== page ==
From being a coronavirus hotspot to a successful containment model, Mumbai’s Dharavi, the largest slum in Asia, has managed to flatten the curve. Even the World Health Organization (WHO) has praised the efforts taken by the authorities to contain the spread of Covid-19 in one of the most densely populated areas in the world.
In an interview with Outlook’s Jyotika Sood, IAS officer Dr Sanjay Mukherjee, Medical Education Secretary, Maharashtra, details how the authorities fought against all odds to contain the spread of coronavirus in Dharavi. Edited excerpts:
What is the mantra for Dharavi’s success?
Dharavi containment success is an example of clinical management. In April, when the case count started rising in Dharavi, the authorities started aggressive testing, isolating, and quarantining potential cases. People were put under different Covid Care centres. For example, people under quarantine were in Covid Care Centres marked as CCC 1, those who were asymptomatic or had mild symptoms were kept in CCC2, and serious patients were kept under Clinical Management.
The biggest concern and the main reason behind a rise in cases in Dharavi was community toilets. So the civic authorities started sanitising community toilets almost every hour. That’s what helped fight the Covid battle. Now, the Bombay Municipal Corporation (BMC) has been asked to study what helped turn Dharavi’s story around.
Maharashtra continues to remain the worst-hit state in the country. Why is the situation this bad?
The situation is not bad; the spike in cases is due to increased testing. The more sample the state tests, the more positive cases come out. The administration is following the Indian Council of Medical Research’s (ICMR) guidelines on testing. It is important to track, trace and isolate early. That’s the only way you save people.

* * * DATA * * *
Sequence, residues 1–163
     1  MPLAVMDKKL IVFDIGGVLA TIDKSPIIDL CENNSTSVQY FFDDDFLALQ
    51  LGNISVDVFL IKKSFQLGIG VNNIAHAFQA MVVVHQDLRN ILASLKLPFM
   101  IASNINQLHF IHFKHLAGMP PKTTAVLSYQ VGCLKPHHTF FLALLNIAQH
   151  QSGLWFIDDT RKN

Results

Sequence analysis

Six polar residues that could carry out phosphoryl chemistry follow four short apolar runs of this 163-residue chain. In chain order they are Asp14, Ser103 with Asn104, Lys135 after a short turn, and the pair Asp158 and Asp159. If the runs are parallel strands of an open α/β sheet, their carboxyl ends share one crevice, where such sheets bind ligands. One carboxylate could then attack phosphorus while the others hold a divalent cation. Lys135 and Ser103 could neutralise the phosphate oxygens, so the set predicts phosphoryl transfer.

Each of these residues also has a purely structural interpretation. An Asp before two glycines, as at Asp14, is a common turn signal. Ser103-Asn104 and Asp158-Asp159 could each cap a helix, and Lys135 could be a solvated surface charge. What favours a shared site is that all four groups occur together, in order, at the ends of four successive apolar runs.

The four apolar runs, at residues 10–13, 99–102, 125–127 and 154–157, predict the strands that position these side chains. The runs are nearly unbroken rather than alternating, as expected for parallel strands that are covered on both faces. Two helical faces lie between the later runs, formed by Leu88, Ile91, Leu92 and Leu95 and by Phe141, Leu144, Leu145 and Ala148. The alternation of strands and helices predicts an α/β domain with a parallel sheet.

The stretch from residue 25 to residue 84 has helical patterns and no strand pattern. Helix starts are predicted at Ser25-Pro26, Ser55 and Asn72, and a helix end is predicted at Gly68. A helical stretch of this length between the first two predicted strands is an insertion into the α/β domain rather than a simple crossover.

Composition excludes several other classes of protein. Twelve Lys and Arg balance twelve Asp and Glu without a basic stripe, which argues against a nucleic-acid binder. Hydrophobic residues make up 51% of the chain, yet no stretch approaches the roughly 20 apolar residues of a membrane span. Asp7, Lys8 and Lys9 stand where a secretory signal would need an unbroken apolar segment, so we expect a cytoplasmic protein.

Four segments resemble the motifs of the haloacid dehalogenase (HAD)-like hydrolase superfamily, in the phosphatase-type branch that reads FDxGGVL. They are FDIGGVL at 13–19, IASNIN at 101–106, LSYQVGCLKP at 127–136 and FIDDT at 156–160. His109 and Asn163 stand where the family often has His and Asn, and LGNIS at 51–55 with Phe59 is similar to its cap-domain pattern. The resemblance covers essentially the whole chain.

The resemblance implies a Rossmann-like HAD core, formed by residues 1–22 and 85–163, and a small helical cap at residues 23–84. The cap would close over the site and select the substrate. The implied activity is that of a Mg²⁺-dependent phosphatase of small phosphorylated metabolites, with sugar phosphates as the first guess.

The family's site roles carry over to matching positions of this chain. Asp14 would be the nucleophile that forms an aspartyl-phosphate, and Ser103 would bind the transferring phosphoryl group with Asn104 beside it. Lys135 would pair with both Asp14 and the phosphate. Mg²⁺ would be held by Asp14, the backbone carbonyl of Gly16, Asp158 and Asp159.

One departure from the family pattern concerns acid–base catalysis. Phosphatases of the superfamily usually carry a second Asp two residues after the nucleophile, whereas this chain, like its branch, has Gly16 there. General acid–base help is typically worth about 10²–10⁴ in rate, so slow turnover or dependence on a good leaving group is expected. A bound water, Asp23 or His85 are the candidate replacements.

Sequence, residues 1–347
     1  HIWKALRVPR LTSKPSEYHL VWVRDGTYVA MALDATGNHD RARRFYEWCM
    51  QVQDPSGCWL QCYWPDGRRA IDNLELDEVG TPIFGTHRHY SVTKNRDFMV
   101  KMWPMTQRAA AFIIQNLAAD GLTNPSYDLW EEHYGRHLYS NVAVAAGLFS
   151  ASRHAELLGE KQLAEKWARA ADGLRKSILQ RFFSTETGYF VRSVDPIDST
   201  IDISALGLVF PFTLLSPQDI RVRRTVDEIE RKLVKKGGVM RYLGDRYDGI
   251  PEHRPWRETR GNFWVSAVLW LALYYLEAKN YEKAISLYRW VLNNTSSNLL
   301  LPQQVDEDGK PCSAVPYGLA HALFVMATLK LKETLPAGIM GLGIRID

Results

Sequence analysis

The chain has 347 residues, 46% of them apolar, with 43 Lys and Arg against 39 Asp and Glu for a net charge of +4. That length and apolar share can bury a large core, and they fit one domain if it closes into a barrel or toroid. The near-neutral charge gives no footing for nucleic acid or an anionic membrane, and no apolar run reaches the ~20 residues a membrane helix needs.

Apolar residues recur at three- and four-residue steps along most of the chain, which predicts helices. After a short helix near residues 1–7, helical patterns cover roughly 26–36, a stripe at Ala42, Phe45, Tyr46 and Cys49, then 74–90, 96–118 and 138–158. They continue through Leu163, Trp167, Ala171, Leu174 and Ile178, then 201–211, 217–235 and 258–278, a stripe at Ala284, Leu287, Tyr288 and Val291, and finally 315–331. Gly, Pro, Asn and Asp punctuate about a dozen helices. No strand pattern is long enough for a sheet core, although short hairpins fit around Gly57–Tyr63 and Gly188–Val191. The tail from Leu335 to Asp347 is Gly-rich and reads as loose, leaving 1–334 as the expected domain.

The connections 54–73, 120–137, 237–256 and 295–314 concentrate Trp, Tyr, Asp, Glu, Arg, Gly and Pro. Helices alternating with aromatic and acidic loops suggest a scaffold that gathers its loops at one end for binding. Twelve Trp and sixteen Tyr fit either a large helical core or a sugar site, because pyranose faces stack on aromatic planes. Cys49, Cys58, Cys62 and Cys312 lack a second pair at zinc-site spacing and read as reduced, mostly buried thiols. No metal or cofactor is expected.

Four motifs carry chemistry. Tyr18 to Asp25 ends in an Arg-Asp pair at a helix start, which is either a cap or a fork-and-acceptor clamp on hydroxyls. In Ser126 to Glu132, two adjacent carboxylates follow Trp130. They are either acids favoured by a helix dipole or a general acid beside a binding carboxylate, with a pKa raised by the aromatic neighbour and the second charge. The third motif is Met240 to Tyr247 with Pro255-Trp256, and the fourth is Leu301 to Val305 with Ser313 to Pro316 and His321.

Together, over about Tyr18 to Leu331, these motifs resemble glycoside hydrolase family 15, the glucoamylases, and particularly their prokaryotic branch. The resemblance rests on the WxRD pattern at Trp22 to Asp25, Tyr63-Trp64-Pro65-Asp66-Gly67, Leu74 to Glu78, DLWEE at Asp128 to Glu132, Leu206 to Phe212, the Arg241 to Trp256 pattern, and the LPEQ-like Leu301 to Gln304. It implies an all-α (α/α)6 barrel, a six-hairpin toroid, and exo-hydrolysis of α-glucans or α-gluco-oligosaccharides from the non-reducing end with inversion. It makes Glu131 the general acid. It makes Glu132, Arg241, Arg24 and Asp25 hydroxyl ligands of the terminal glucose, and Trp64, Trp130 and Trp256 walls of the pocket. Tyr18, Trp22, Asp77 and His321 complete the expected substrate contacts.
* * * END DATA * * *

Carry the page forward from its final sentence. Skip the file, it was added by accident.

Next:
Maharashtra government recently launched Project Platina. Tell us more about it.
Project Platina is world’s largest convalescent plasma therapy trial-cum-project to treat Covid patients with severe symptoms. We will be taking a sample size of 500 patients across the state and 21 medical colleges will be conducting these trials. The entire plasma therapy treatment will be free of cost. The trial will give robust data regarding the role of convalescent plasma treatment. We also plan to study Monoclonal antibodies against Covid-19 during the project.
How is Platina different from ICMR’s PLACID trials?
Under Project Platina, severe Covid-19 patients will be given plasma therapy. Under the PLACID trial, only mild and moderate cases will be given plasma therapy. Our sample sizes are also different, it’s 500 for Platina and 452 for PLACID. Maharashtra’s experience in management of severe cases has been very effective. So, we are confident of undertaking this project.
We have also decided to set up a department of transfusion medicine and later provide a MD course in transfusion medicine to prepare for the future where many such Covid-19 infections could be at play.
Are people coming forward to donate plasma?
The response has been positive. We have made plasma donation a volunteer-based movement where these donors are being called Plasma Yodhas. We had enough plasma to start the project in 21 centres.
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